There’s a crack in my car windshield, on the passenger’s side. It looks exactly like a one-legged ostrich captured mid-squawk. Some stray pebble created a work of art. Had to get that out of the way. Whew!
Today, I read some 1 Samuel. I’m up to the teens. This is where Saul, the first king of Israel, entered the scene. I’ll pick it up in chapter 15.
Samuel anointed Saul as king. Coronation ceremony complete, Saul started his military campaigns to drive out the conquer Israel’s enemies. Samuel, Israel’s former judge and ruler, came to Saul with a message from God: “This is what the Lord of Heaven’s Armies has declared: I have decided to settle accounts with the nation of Amalek for opposing Israel when they came from Egypt. Now go and completely destroy the entire Amalekite nation – men, women, children, babies, cattle, sheep, goats, camels and donkeys” (v. 2-3). Whoa! Seems a bit harsh, doesn’t it?
Saul thought so. He mobilized his combined army of 210,000 and slaughtered the Amalekites. However…he kept King Agag alive, however, as well as the best of the sheep and goats, cattle, fat calves, lambs (v.8-9). It says “…everything, in fact, that appealed to them.”
Ooh. Kinda like a bloody five-finger discount.
But when you have a prophet for a spiritual leader, your junk will not stay a secret for long. God ratted out Saul to Samuel: “I am sorry that I ever made Saul king, for he has not been loyal to me and has refused to obey my command” (v.11). As a result, Samuel cried out to God all night long, no doubt pleading for Saul and Israel.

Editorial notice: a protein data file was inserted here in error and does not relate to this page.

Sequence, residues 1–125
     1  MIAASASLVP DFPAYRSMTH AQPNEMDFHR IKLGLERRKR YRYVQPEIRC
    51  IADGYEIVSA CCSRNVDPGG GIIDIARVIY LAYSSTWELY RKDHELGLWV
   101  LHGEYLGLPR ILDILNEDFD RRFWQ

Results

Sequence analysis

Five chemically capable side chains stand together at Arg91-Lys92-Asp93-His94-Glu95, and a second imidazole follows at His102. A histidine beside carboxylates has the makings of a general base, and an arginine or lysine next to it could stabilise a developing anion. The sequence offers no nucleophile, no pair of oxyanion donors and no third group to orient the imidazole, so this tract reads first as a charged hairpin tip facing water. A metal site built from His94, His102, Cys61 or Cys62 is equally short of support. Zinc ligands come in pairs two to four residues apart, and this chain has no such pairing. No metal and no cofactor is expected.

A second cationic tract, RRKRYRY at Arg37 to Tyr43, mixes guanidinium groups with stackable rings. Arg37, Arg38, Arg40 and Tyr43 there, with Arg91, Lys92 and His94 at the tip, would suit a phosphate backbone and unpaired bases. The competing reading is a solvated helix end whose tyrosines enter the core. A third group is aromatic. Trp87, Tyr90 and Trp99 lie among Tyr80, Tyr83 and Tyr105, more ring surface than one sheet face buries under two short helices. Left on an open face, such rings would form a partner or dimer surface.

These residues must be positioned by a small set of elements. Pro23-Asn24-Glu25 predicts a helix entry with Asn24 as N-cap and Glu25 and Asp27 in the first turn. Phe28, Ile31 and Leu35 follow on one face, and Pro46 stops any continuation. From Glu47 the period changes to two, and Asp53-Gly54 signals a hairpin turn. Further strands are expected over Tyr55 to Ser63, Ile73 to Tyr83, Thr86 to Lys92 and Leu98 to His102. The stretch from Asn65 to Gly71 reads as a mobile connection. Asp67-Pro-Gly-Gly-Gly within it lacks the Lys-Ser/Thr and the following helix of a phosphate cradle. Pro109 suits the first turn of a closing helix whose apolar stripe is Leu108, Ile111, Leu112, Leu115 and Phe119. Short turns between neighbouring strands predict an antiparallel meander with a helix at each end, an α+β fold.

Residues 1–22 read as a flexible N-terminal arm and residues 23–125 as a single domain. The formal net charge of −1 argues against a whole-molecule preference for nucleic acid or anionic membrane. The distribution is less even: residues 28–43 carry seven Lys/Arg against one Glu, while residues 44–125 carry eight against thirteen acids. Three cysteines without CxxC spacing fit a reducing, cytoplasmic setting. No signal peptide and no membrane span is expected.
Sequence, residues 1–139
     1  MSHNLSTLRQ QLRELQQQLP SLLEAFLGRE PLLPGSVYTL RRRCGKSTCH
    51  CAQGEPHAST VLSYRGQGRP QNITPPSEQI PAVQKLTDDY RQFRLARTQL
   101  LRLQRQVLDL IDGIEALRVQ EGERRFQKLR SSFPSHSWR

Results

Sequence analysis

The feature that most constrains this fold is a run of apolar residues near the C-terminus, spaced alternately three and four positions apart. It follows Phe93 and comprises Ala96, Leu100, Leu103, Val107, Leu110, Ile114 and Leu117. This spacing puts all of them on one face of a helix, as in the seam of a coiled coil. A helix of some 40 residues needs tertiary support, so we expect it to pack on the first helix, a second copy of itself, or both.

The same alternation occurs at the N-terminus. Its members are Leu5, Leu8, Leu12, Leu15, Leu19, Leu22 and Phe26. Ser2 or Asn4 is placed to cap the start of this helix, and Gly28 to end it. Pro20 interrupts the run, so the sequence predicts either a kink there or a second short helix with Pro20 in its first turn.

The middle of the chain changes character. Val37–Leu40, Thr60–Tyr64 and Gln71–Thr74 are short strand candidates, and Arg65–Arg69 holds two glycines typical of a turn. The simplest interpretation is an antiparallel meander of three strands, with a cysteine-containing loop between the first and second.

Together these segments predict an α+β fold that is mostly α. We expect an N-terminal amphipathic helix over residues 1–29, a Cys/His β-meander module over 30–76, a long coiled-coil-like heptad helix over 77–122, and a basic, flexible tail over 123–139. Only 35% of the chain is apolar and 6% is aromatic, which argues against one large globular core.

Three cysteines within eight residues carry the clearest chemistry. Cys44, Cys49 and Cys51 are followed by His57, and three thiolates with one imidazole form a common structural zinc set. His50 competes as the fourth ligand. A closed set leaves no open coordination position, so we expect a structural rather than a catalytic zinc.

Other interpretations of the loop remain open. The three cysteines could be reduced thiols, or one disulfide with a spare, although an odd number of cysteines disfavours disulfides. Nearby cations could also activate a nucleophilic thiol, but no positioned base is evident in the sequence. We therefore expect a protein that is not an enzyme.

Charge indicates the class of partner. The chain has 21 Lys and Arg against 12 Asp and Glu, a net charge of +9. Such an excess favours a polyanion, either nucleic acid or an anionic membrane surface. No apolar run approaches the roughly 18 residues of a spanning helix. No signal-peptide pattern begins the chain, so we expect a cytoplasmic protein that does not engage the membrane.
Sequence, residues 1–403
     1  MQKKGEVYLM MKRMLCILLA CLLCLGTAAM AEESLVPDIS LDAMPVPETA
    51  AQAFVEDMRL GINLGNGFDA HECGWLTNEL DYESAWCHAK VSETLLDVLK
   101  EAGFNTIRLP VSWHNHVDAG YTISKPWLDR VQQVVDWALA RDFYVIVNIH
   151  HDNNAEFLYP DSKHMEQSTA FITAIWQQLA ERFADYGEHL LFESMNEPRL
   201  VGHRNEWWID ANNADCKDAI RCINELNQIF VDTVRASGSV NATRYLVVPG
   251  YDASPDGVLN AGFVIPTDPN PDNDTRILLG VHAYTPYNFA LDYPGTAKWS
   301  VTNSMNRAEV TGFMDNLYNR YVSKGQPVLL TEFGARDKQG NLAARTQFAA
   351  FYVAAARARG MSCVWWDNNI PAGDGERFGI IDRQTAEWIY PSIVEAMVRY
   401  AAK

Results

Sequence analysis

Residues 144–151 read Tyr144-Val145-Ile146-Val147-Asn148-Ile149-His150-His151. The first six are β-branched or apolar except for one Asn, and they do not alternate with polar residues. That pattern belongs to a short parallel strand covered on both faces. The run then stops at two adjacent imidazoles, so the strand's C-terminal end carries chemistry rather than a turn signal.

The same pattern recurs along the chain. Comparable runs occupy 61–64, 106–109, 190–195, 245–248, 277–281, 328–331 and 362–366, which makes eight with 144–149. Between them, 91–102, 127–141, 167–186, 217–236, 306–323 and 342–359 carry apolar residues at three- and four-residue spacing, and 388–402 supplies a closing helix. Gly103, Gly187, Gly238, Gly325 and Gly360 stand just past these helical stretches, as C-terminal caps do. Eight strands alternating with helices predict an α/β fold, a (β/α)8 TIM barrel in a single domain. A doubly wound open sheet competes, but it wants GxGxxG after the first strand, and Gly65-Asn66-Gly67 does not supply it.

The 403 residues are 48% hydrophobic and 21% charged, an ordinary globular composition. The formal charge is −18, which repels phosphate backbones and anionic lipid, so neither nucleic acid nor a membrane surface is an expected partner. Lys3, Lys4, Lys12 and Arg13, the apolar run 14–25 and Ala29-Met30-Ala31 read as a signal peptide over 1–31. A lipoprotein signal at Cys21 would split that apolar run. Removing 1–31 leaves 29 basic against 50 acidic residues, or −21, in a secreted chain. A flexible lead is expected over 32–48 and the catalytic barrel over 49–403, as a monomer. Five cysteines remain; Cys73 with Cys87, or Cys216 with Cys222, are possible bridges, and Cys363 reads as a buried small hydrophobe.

In verse 12, Samuel confronted Saul. Saul was in fine fettle: “May the Lord bless you. I have carried out the Lord’s command?” But he didn’t. Samuel mentioned hearing sheep and cattle. Saul tried to dodge this observation. “I only kept the best – to sacrifice to the Lord your God!” (v. 15).
Samuel couldn’t take anymore. He informed Saul of God’s disappointment and pointed out his disobedience. Saul continued to defend himself. “I carried out the mission! I spared the king, but killed everyone else. My troops (not me!) brought back these animals!”
The final blow came when Samuel spoke of the kingdom passing to another who would obey. Saul, distraught, pleaded for forgiveness. “Yes, I was wrong! I was afraid of the people (blaming again) and what they wanted. Please forgive me!” (v. 30).
Other times I’ve read this, I always focused on the call to obedience Samuel intoned in verse 23, that infamous “rebellion is as the sinful as witchcraft” line. Scary stuff. But I saw something new this time.
This wasn’t Saul’s battle. God wanted to settle a score with the Amalekites. They were completely out of control and heinous in His sight. They needed to be annihilated lock, stock and barrel. This was an offense hundreds of years old. Saul wasn’t alive back then. But to God, their sin glared on through the ages. As a result, Saul wasn’t invested. His obedience was half-hearted due to apathy or presumption. “Ho hum, who cares about those people?” or “I’m sure God will cover this. It’s His battle anyway.” I mean, if God asked you to fight a battle, you would believe the deck was stacked in your favor, right? A guaranteed win on your points card, right? I’m sure God won’t mind if I amend the plan a little.
This apathy and presumption cost Saul the kingdom. Saul failed the test of totally destroying the Amalekites. Even to the end, he blamed his army and his people. Not good qualities in a leader. Notice in God’s original message he calls the powerful force Saul will employ “Heaven’s Armies”. Huh. So it would be God’s victory after all, and He should decide who gets the spoils. It reminds me of the verse in Matthew 6:26: And what do you benefit if you gain the whole world but lose your own soul? From here, Saul lost Samuel’s good influence and God’s favor. He descended into madness, his kingdom handed to another who would serve God with his whole heart.
What would have happened if Saul manned up and owned his mistake? Could his humility have changed his destiny and the course of a nation? We will never know.